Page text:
ATLANTA - The Georgia Supreme Court in a unanimous ruling has upheld a Long County election challenge decision where seven people cast flawed ballots, but it wasn't enough to overturn a nine-vote election victory.
The two attorneys who went head to head in the case both say the ruling could affect election challenges for years to come in Georgia.
"That decision completely eviscerates voter integrity in Georgia," says attorney Jake Evans who represented then Long County Probate Judge Bobby Smith.
"I think it is very significant in terms of voting rights, yes," said Luke Moses who represented the winning candidate, Teresa Odum.
Odum won the 2020 probate judge election in Long County by nine votes. The incumbent, Judge Bobby Smith, sued, challenging the results, claiming people voted twice, absentee ballots were flawed, and people outside the county voted.
"I have no idea how people voted twice. I’ve never tried it, I’ve never wanted to try it, I guess that’s why it blows my mind," then Judge Smith told the I-Team in September of 2020.
During the hearing, conducted by video conference during the pandemic, Bobby Smith challenged 30 ballots as improper.
Judge John Morse threw out one ballot because the voter lived in a different county. And he found 6 people had voted twice. Once, by absentee ballot, and again in person.
Including Hamilton Evans who admitted to us why he voted twice
"To prove that there is a flaw in the system. It's that simple," said Evans who alerted the local sheriff after casting his vote.
But it wasn’t enough votes to change the election results.
Judge Morse found a few absentee ballots and absentee ballot applications were filled out improperly. But, Judge Morse ruled those mistakes were not attempts to cast fraudulent votes.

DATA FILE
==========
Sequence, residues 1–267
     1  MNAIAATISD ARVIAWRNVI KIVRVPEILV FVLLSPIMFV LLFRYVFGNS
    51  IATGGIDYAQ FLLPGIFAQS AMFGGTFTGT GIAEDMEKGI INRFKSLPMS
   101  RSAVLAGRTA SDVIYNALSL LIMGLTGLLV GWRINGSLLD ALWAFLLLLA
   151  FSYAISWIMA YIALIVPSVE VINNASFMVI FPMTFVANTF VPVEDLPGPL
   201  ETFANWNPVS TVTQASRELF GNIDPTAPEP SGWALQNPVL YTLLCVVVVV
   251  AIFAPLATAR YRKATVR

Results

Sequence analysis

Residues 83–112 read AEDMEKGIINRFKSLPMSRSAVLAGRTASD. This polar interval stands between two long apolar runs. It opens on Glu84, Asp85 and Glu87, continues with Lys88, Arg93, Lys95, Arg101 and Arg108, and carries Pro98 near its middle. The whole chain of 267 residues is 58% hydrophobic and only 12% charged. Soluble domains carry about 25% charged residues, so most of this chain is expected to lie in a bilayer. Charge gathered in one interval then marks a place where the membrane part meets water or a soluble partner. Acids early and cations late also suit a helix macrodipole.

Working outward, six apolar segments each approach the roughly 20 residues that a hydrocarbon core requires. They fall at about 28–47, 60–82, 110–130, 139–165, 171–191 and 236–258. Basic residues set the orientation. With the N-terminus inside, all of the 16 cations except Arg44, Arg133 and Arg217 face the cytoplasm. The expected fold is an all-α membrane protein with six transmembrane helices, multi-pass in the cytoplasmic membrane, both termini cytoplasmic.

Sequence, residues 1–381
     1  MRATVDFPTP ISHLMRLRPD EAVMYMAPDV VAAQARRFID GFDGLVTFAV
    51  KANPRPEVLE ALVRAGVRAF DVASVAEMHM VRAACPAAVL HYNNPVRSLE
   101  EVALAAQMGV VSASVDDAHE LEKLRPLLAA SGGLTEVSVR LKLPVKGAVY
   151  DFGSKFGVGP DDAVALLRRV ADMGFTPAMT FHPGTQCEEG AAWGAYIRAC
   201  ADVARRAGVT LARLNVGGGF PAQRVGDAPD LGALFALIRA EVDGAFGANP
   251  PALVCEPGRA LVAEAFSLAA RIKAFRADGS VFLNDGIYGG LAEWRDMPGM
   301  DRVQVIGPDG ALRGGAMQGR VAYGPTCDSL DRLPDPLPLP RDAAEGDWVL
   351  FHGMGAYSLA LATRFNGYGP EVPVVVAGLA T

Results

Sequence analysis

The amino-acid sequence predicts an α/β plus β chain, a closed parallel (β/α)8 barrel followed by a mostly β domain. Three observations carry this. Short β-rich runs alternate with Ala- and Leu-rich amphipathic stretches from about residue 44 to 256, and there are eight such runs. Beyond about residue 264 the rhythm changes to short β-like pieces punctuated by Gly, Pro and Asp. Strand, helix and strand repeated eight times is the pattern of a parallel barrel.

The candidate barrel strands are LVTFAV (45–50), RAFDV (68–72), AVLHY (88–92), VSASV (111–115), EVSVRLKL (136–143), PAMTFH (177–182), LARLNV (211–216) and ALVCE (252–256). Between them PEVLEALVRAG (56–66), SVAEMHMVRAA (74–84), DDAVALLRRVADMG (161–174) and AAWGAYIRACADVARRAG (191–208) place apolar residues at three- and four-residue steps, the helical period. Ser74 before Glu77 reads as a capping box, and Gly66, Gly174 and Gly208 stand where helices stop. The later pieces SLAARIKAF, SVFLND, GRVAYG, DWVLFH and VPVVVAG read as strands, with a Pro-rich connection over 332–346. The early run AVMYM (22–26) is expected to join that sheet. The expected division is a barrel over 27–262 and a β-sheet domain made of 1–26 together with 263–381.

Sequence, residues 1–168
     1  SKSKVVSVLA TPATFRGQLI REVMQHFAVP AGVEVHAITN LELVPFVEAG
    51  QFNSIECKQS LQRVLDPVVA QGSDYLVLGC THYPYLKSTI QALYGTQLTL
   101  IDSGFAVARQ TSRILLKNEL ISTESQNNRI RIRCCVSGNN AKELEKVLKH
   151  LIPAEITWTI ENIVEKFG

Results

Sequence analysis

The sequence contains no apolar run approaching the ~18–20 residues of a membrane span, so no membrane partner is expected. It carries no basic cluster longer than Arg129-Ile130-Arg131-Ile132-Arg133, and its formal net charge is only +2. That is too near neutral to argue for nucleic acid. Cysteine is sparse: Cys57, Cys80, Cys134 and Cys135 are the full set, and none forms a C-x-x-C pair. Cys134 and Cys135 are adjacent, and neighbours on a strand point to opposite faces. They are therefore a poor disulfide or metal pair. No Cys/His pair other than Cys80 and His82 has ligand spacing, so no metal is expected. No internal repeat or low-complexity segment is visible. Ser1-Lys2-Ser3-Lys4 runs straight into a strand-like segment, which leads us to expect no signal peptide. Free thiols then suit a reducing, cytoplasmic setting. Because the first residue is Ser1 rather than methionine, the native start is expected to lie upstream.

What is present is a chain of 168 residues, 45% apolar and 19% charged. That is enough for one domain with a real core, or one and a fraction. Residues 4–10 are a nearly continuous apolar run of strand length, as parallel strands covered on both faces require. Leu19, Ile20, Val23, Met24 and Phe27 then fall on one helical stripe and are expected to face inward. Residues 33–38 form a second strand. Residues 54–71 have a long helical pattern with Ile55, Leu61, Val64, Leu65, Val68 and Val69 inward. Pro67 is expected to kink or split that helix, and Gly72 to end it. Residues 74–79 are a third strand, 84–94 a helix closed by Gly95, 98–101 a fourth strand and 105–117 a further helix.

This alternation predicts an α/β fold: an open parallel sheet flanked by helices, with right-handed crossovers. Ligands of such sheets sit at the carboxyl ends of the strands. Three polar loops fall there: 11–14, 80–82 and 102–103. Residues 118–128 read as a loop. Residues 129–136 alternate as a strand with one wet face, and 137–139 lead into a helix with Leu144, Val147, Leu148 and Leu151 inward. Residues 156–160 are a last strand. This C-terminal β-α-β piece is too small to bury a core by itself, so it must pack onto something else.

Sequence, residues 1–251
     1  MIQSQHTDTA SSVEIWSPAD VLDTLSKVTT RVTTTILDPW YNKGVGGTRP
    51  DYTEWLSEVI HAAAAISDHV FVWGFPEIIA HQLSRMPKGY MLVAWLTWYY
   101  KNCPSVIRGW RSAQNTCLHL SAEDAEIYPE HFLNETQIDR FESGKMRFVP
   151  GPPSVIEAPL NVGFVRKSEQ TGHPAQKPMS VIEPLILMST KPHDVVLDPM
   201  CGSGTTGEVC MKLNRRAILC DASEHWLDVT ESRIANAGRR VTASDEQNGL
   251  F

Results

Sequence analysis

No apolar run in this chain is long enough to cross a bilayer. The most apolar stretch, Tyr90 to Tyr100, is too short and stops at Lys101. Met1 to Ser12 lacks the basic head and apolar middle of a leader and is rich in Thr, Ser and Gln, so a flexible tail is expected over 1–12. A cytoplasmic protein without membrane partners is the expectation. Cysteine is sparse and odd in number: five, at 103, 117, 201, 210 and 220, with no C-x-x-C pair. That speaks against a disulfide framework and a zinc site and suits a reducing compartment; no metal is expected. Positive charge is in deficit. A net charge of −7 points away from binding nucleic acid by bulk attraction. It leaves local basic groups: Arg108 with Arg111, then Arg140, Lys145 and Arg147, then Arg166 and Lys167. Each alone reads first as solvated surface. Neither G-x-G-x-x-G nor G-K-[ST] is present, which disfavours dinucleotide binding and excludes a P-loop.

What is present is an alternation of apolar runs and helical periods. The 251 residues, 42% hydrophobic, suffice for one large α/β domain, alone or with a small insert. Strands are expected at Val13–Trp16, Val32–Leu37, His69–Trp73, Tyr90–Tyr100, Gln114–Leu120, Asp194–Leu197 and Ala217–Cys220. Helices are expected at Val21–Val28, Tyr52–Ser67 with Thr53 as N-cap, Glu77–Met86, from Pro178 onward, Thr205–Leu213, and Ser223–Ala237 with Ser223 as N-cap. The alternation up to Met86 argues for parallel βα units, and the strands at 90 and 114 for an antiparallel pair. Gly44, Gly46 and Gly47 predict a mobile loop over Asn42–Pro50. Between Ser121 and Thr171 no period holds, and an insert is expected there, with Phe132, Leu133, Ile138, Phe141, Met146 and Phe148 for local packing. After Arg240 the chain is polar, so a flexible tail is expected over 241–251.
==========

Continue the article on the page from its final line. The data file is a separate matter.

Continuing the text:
At the time, Long County Elections supervisor, Trynina Harris summed the election up this way.
"I believe that we did everything to the best of our ability and accidents and mistakes happen. We're human," said Harris.
Now, the Georgia Supreme Court in a unanimous decision upheld Judge Morse's ruling finding that there were not enough improper votes to overturn the election. The Supreme Court noted Judge Morse found no evidence that any voter acted with possible fraudulent or malicious intent.
"The will of the voter trumps any alleged errors on that voter's ballot," said Moses.
Moses says the Supreme Court ruling will have a major impact on future election challenges, making it harder for the losing party to attempt to throw out votes that have any kind of mistake or flaw.
"I think it will be quoted for years to come in close elections contests," said Moses.
Jake Evans agrees that the ruling will create a precedent making future election challenges harder to win.
But that's not good in his mind. He's worried that some absentee ballots and ballot applications were improperly filled out and should have been thrown out.
"If ballots fail to meet the indispensable requirements to be cast, they should not be cast, period. That undercuts public confidence and should not stand," said Evans
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